The former leader of the main opposition party has dismissed a claim by a former top intelligence figure that a sex tape which led to his resignation was a plot against him conducted by the faith-based Hizmet movement.
“These are empty words. Such issues needs a more solid, serious investigation,” Deniz Baykal, former leader of the Republican People's Party (CHP), said at a party meeting on Saturday.
Baykal's remarks came in response to the claim expressed in a recently published book by Sabri Uzun, a former head of the intelligence department of the Security General Directorate, who said police officers affiliated with Hizmet were behind a plot against the former CHP leader. In his book titled “İn” (Lair), Uzun said the video footage showing Baykal was involved in an extramarital affair, which was leaked on the Internet in early May 2010, was a plot by Hizmet -- which is inspired by Fethullah Gülen, a Turkish Islamic scholar who preaches tolerance and interfaith dialogue.
Describing several claims Uzun made in the book about himself as mere speculation, Baykal implied that President Recep Tayyip Erdoğan, who was prime minister when the video footage was leaked, may have been involved in the plot.
At his party's Aksu district's meeting in Antalya Baykal said the book contains certain information regarding him that is totally wrong.
Baykal, who is now a deputy, also dismissed the claim that he called Gülen, who lives in Pennsylvania in the US, about the video footage, which was leaked shortly before his party's general congress. He said, “This is absolutely not true.”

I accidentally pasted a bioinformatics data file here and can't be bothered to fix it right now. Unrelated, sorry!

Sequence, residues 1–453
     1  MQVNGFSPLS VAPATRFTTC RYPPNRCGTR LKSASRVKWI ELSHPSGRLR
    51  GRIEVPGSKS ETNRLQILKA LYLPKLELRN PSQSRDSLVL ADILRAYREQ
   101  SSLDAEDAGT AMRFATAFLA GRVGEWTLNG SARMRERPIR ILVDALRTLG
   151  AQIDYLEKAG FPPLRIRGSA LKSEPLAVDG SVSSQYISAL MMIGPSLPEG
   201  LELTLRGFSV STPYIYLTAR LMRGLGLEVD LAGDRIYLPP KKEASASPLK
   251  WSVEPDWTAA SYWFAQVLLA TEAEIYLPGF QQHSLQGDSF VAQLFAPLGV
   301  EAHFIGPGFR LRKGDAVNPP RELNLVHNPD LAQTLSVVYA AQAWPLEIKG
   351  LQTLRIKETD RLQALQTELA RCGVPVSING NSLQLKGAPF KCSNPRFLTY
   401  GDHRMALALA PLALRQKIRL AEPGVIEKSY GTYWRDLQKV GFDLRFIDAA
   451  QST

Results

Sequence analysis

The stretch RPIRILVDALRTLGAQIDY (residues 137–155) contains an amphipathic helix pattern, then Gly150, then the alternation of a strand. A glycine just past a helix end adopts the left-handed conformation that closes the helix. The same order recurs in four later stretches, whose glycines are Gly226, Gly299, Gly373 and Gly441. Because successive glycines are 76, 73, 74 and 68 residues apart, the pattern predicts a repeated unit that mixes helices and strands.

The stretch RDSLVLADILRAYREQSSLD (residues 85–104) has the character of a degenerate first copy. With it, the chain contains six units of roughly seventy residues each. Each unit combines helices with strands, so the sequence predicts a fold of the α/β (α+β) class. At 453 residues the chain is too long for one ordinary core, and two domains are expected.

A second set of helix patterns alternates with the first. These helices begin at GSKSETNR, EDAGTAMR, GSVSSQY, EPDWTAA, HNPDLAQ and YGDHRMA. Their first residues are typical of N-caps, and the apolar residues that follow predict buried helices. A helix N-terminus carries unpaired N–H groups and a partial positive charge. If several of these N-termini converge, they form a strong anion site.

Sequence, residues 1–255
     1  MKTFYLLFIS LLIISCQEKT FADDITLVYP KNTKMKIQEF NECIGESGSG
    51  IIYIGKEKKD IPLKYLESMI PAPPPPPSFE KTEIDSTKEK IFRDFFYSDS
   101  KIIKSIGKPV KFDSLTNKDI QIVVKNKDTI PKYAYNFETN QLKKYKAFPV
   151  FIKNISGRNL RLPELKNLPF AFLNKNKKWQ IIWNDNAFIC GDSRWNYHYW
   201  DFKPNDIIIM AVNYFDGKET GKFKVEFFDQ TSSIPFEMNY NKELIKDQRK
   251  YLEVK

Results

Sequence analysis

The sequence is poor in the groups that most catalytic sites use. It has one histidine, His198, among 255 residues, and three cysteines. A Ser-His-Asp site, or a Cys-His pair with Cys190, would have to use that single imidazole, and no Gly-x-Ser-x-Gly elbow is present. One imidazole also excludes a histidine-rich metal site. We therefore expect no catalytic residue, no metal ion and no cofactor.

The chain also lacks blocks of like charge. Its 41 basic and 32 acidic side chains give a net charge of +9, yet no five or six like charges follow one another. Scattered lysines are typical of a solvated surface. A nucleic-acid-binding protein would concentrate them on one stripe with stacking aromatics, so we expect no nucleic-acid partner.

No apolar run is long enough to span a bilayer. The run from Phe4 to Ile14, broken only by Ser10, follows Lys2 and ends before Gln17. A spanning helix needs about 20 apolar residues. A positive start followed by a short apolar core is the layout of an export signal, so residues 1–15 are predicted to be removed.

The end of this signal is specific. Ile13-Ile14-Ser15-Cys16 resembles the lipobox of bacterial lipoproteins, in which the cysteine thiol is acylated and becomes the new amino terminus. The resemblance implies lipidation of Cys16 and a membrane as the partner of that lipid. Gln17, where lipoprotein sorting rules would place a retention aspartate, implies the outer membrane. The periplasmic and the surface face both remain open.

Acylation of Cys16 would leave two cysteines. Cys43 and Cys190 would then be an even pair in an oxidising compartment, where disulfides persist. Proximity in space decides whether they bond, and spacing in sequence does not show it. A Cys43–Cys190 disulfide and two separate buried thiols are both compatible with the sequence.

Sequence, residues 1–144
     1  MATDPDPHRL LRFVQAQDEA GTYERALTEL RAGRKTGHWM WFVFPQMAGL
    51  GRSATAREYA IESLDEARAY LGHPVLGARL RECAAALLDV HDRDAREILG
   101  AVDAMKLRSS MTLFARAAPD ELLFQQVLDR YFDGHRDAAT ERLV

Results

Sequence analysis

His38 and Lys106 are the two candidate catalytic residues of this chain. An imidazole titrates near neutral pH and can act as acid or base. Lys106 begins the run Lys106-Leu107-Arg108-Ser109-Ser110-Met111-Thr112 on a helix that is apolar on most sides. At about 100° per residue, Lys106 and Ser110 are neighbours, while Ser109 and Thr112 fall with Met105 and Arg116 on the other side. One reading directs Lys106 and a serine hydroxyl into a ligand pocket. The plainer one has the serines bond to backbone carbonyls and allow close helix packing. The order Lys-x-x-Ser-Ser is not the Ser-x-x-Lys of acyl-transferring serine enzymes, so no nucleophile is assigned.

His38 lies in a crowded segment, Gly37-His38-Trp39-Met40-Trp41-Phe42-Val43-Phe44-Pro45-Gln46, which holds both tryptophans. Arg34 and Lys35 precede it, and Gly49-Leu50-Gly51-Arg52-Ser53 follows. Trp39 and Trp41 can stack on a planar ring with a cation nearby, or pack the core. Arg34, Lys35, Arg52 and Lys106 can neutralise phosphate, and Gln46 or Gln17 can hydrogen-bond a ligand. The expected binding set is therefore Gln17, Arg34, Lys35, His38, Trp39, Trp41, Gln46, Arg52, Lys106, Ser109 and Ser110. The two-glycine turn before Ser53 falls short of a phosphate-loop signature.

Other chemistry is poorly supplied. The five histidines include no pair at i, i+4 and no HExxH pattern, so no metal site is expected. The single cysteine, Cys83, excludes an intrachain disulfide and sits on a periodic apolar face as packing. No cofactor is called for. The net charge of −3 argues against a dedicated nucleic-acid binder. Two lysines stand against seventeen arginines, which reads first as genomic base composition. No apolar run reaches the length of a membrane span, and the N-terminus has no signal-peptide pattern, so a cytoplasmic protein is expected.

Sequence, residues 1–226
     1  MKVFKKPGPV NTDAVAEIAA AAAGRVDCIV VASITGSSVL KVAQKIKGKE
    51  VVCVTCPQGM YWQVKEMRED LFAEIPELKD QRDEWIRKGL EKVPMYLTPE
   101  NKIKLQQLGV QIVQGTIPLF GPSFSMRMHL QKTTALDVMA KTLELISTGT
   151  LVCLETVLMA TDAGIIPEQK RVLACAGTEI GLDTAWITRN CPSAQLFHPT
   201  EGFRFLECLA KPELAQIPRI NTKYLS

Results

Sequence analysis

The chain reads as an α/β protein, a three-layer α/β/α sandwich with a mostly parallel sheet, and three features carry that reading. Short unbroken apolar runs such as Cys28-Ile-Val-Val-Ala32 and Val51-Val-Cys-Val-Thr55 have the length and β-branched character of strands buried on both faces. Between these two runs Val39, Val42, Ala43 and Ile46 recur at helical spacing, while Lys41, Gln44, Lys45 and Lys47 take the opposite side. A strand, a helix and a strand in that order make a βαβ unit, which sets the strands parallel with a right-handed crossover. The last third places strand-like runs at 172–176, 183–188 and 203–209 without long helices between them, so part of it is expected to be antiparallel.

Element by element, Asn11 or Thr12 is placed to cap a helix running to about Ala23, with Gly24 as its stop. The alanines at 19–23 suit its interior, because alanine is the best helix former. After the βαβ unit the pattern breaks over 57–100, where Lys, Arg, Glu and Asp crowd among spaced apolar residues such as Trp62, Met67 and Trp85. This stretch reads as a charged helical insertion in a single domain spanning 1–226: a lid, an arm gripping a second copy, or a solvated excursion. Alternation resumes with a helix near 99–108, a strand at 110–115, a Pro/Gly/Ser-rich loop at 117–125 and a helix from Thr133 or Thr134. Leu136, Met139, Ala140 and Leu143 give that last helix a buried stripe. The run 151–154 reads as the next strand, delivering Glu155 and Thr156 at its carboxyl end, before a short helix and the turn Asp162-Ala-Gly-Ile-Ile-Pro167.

Uzun also claimed in his book that a leading person in the Hizmet community brought a copy of the video footage to Baykal some time before its leak to earn his trust and give the impression that Hizmet was not involved in the plot, a claim which is denied by the former CHP leader.
Baykal denied the claim saying he was never given any copy of the video footage and was not informed about it before its being leaked.
Noting that it is not an issue which it is suitable to speculate on, Baykal said, “I call on everybody to speak based on solid evidence and to be serious.”
The video footage that showed Baykal with a female deputy from his party, who formerly served him as personal secretary, was leaked on May 6, 2010. The footage was first published by a news portal called habervaktim.com. Four days after the video's release, Baykal announced his resignation as chairman of the party.
The CHP's national congress was scheduled for May 22 the same year, and Baykal was hoping to be elected as chairman once again, if the video clip, which it is maintained dates back to 2002 or 2003, had not spoiled his plans.
Since the incident, Baykal has always put the responsibility on the ruling Justice and Development Party (AK Party) for the video.
In the press meeting on May 10 that he held following the release of the video clip, Baykal said: “It is not possible for such a plot, conducted through violation of immunity of domicile and high technology, to be carried out in such a reckless manner against an opposition leader without using the power and resources available to the government.”